Mark R. Johnson


[Interactive Screens]
[Amateur Recording]
[24 Hours]




Amateur Recording
Part 2. Environmental Noise

Environmental noise is that which exists within the recording environment. For example, if recording outside, the wind can be a significant source of noise, as can cars, planes, and helicopters that are travelling within a few miles of your location. Inside, common sources are air conditioners, vents, power supply fans, fluorescent lights, and doors opening and closing. In short, in any place that has people, you will likely find a lot of noise. Of course, if you are outside, you will have to contend with a whole chorus of natural sounds as well (crickets, frogs, birds, leaves, etc.). In any case, it's hard to escape noise.

[Waveform of a helicopter]
Waveform of a helicopter in the distance.

One particular problem with environmental noise is that our minds are trained to filter it out automatically. We often do not realize just how much noise surrounds us because we are all the time ignoring it, focusing only on those sounds that are important to us. This can be a problem when trying to determine how suitable an environment is for recording because one must pay close attention to all of the sounds one hears. It can also be a problem when listening to a recording to determine its suitability. Unless you are in a sound-proofed environment while you listen, you might mistake recorded ambient noise for noise simply attributable to you current environment. For example, if the recording picks up the slight buzz of a plane, you might be tricked into thinking that what you are hearing is, in fact a plane flying outside your window several miles away. This can be especially problematic with today's high fidelity digital systems, which can reproduce even the subtlest of sounds.

Another particular difficulty with environmental noise is that it often takes the form of low frequency compressions. An example is when a door somewhere else in the building is allowed to slam closed. Low frequencies have a tendency to travel easily through solid structures. So, the several rooms in the building between your recording environment and the slamming door may make little or no difference at all.

What To Do

The first thing you can do to help reduce the noise problem is to carefully choose your recording environment. Take the time to listen carefully within the environment in order to pick out any potential trouble spots. Also, when recording, try to monitor from outside of the environment, such as from a different room. That way, you will be more likely to recognize environmental noise in the recording that your mind might otherwise filter out.

Another thing that can be done is to carefully choose the placement of the microphone. Miking close to the sound source will provide a much higher signal-to-noise ratio. Otherwise, the noise floor (the average amplitude of the noise in the recording) will quickly overcome the sound source itself. When placing the microphone, remember to adjust the record levels accordingly in order to avoid clipping or distortion due to an overly strong signal.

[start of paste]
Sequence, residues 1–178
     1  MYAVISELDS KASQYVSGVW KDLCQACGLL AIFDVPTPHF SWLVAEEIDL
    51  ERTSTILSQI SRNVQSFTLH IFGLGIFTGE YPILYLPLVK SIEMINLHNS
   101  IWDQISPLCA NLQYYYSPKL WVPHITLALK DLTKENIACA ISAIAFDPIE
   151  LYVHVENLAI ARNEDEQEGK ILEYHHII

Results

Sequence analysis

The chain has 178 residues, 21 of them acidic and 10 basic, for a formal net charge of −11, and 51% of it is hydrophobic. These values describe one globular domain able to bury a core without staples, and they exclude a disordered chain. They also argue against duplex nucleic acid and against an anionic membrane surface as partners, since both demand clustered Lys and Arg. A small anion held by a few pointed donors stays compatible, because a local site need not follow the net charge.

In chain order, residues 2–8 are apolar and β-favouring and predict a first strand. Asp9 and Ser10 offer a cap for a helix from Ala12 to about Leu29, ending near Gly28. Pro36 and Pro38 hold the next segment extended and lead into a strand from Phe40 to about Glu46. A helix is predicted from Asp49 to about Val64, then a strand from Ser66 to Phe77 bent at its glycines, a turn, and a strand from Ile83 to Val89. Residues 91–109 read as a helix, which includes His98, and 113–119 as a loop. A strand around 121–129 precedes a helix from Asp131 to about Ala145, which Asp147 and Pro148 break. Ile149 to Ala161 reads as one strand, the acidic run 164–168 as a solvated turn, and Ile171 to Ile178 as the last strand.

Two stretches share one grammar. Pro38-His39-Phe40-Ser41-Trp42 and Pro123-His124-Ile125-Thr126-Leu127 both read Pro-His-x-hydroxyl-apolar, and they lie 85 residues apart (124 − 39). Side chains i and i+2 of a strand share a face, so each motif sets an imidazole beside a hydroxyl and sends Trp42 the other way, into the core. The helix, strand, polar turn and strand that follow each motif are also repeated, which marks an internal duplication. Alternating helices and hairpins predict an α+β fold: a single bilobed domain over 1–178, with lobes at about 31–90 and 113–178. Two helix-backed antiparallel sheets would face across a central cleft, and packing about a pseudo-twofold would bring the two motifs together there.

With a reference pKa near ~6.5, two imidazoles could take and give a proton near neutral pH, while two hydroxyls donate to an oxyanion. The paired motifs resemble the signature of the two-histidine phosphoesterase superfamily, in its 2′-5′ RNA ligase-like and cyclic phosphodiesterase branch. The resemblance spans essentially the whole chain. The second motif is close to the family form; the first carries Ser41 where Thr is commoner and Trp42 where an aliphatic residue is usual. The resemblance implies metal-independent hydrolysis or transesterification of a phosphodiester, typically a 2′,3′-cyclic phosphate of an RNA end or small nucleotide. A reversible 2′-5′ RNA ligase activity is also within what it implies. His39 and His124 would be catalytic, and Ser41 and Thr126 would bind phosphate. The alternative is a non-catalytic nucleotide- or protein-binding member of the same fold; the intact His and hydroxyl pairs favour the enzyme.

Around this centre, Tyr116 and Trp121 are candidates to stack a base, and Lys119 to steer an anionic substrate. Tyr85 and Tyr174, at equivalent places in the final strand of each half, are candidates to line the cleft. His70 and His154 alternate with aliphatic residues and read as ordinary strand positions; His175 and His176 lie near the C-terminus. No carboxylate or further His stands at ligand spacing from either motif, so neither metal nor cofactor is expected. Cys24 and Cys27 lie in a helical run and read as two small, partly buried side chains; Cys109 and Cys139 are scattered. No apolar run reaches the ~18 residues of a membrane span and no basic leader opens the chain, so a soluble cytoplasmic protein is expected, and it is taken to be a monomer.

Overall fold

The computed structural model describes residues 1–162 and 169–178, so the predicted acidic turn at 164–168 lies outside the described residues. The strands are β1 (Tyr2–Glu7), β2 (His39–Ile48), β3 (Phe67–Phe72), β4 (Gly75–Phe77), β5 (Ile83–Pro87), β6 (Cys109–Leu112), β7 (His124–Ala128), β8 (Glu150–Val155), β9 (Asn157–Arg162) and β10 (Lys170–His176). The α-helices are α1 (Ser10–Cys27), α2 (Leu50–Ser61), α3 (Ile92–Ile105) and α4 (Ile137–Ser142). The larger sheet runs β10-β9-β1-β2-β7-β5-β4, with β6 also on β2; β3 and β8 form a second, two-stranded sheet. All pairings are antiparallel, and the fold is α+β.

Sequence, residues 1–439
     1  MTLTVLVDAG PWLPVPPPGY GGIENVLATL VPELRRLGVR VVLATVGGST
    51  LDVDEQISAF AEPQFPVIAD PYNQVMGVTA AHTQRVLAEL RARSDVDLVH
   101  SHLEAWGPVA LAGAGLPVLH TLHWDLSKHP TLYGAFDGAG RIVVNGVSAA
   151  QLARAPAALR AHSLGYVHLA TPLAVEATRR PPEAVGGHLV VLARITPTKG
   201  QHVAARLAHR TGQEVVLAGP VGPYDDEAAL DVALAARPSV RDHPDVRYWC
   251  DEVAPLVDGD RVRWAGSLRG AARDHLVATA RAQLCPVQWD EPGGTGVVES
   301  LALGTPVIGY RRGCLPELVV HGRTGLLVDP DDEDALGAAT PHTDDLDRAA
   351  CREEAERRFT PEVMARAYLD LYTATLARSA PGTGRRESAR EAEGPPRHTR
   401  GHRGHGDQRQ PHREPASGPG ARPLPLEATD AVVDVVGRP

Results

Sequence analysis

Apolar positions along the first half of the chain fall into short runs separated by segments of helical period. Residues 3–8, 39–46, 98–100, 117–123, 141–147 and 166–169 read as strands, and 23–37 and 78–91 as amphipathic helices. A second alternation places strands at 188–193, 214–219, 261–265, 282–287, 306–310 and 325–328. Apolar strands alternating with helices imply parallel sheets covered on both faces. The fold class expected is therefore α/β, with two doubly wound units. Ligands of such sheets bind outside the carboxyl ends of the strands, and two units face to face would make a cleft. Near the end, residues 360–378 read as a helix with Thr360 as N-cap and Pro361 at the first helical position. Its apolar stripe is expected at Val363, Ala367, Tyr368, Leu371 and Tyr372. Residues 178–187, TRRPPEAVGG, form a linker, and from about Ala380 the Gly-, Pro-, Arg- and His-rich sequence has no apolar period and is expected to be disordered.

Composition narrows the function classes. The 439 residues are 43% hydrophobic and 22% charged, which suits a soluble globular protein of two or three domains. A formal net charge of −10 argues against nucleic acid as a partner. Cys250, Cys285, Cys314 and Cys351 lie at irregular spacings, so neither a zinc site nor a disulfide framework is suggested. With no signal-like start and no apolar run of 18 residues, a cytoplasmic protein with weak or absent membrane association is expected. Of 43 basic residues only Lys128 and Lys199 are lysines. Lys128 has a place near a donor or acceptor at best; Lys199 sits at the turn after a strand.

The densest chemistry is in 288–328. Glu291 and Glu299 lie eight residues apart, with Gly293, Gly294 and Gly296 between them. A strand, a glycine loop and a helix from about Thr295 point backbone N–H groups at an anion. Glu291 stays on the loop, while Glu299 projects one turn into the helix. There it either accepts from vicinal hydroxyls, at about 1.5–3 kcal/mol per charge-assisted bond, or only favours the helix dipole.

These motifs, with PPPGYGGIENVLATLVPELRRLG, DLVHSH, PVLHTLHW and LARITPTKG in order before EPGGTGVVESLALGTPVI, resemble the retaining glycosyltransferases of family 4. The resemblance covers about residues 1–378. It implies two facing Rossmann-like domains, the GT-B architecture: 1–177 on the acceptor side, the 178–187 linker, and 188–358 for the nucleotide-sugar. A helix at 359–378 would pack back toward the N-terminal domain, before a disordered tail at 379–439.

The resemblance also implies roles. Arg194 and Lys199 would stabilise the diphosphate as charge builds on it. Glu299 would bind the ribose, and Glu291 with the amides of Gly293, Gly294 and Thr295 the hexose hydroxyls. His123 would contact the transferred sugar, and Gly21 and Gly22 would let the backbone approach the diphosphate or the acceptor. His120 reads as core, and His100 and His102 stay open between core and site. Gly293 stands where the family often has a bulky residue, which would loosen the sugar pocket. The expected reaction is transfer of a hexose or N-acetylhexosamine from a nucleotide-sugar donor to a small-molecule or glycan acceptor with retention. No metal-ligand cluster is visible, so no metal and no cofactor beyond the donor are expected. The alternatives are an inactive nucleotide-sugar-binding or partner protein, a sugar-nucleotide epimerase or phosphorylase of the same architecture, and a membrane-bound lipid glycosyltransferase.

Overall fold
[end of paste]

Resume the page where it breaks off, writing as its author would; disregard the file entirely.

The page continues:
If you have plenty of time and a bit of money, and plan to do a lot of recording, you might also consider building a sort of recording booth. Surprisingly, this can be done relatively cheaply if you have access to a few materials. Here's how:

  1. Find a room that you can set up in. Plan on making this a permanent establishment if you can.

  2. Find all of the air conditioner vents in the room and immediately remove the grills from each. This alone will cut down significantly on the air conditioner noise (though it will not help if the air conditioner itself is in the same room).

  3. Using temporary office cubicle walls (the kind covered with what looks like carpeting), construct a small room within the room. Try to locate it in the center of the room, and include a roof on the cubicle by simply laying an extra cubicle panel across the top of the structure. Make sure that no part of the structure comes in contact with any of the walls or the ceiling of the outer room. This leaves nothing but air between the inner and outer rooms (excepting the floor, of course), which is a much better insulator for sound than solid matter.

  4. Finally, place the microphone and maybe a table and chair inside the booth. If possible, keep most of the recording equipment on the outside so that the recording process can be monitored from the outside and to cut down on any noise that may be caused by the equipment itself. This is especially important if using a desktop computer or anything else that has a power supply fan. If you must include a lamp, be sure that it is not a fluorescent light or one that buzzes when it is on.

With that, you should be able to achieve a reasonable isolation booth for recording without a lot of background noise. Even so, you will still have to be cautious of any activity that is taking place just outside that might cause problems.

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    [Return to Top] Copyright 1997, Mark R. Johnson.
Last modified 4/26/97.